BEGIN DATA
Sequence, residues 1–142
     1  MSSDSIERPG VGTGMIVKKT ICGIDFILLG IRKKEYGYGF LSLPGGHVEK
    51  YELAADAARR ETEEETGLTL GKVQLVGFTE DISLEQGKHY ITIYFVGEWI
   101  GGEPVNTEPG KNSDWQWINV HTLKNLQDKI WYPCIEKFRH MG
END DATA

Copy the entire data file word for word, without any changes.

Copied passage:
Sequence, residues 1–142
     1  MSSDSIERPG VGTGMIVKKT ICGIDFILLG IRKKEYGYGF LSLPGGHVEK
    51  YELAADAARR ETEEETGLTL GKVQLVGFTE DISLEQGKHY ITIYFVGEWI
   101  GGEPVNTEPG KNSDWQWINV HTLKNLQDKI WYPCIEKFRH MG